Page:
“The template we are using will continue to create problems for us. It was created during the Military era. The template cannot work in our country today. From reports we have had, it is obvious that we have problems. We need to know what the problems are. If we have a 2017 budget that has not been executed today and we are considering the 2018 budget, it means there is a problem.”
Contributing, Senator Barnabas Gemade, APC, Benue North East who suggested that the consideration of the 2018 budget be suspended, however argued that the lifespan of the current 2017 budget be extended till end of March of 2018, adding, “This point of order raised is important because of what the public is waiting for. Our two weeks committee work should have led us to where we will lay the report and pass the budget. As was indicted, we need to appreciate the efforts of the executive who is trying to return the budget year from January to December.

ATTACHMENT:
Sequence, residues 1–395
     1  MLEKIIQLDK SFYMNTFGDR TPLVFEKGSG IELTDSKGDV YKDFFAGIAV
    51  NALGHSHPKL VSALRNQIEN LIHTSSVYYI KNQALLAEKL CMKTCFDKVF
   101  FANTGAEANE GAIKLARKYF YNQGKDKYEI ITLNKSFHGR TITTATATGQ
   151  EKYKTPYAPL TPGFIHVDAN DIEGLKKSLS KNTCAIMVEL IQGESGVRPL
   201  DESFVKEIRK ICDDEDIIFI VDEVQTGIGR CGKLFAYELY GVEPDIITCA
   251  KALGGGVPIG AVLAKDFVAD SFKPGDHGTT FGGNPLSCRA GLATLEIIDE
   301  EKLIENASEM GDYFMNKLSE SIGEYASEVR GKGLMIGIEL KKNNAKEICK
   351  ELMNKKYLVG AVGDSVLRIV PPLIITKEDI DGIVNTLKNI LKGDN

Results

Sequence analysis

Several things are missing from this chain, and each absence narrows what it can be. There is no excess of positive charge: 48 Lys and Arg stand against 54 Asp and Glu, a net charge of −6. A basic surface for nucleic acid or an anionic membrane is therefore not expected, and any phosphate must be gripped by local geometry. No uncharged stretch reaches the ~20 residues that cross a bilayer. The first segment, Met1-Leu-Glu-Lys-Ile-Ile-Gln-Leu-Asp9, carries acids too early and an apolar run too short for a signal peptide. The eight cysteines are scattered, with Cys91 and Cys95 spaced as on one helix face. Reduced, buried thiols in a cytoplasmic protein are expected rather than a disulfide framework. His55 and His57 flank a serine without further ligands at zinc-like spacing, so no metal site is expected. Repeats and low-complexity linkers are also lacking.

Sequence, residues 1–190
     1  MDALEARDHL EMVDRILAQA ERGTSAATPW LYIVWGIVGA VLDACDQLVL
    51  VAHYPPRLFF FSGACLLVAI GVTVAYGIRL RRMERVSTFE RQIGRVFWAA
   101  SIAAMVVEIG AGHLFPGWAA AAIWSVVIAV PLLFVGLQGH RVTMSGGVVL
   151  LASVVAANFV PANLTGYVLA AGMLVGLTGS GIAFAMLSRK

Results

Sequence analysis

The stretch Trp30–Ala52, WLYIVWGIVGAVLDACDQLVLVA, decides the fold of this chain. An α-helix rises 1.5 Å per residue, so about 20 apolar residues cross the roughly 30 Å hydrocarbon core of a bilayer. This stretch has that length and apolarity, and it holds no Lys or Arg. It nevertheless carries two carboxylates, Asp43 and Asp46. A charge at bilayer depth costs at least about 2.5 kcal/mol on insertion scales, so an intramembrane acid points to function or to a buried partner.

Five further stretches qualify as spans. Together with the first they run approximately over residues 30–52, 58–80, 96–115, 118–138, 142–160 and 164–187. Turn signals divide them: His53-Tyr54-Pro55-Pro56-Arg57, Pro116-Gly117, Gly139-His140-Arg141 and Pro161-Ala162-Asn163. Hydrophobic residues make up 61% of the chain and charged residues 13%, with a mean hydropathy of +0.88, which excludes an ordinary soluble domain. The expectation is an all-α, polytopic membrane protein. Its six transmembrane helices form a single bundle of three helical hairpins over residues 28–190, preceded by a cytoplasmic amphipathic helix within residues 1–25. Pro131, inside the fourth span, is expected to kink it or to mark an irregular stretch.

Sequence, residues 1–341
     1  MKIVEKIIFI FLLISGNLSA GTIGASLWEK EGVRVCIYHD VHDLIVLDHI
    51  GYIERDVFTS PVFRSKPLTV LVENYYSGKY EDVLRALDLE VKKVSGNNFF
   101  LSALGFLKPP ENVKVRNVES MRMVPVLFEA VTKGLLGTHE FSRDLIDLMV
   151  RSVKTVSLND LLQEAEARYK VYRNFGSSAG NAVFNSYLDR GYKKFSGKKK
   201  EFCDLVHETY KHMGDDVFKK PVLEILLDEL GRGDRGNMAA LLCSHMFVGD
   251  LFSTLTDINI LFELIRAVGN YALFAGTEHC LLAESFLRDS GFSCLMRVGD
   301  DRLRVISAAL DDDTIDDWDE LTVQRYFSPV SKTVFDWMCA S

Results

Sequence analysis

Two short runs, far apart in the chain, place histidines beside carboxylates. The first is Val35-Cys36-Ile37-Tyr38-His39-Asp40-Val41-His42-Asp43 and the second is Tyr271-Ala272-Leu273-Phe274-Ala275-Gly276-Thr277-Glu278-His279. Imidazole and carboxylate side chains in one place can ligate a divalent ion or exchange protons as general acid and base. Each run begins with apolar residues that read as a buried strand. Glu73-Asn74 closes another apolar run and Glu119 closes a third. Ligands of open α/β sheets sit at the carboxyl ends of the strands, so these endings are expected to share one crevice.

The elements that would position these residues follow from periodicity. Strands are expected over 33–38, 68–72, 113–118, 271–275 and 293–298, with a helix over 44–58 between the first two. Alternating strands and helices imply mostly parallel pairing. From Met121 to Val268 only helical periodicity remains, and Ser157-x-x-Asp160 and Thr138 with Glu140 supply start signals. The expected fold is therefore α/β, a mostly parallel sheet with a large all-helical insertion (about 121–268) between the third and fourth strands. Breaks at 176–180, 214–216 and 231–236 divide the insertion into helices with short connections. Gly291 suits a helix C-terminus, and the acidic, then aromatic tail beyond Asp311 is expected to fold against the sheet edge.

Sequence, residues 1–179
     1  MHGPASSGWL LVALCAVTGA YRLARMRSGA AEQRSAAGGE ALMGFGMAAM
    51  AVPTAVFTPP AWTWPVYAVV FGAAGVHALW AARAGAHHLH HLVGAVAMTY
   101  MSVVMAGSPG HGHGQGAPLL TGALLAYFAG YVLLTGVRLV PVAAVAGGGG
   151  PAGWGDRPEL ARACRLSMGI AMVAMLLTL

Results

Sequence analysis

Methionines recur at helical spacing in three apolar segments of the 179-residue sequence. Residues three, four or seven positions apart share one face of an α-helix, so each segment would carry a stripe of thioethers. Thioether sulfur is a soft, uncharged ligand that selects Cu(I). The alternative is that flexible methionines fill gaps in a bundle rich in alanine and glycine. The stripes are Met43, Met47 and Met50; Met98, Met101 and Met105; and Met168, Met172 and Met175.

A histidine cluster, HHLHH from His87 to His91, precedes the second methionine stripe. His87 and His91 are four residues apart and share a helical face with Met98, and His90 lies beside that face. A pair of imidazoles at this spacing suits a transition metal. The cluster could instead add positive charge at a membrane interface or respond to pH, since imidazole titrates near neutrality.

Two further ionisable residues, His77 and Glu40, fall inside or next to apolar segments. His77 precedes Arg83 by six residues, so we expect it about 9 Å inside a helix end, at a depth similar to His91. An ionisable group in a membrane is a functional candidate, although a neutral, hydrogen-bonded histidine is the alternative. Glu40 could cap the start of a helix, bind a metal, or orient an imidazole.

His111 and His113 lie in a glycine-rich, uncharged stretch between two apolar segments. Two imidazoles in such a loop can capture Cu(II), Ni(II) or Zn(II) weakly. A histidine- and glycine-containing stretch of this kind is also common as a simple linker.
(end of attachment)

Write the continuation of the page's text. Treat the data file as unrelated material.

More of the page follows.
“What we have seen is far from the 40 per cent capital project implementation we were told. In many MDAs, budget performance is hovering between 12 to 15 per cent. In early November, the borrowing plans were brought and we approved it. They said they were going to release more funds. As of now, we cannot say if that is true.
“In defending the budget, MDAs are supposed to bring their 2017 budget performance to committees. When you look at the budget proposals brought here, many things captured in the 2017 budget were not rolled over. Committees and MDAs need to do some work.
“We have to set a date for the implementation of the 2017 budget based on the borrowing plans we approved. I therefore propose that we set March 31st for the 2017 budget to be implemented before we can start working on the 2018 budget. We need to guide against abandonment of ongoing projects.”
Also contributing, Senator Solomon Adeola, APC, Lagos West, wondered why the Senate should consider and approve the 2018 Budget, when the performance of the 2017 Budget was unknown.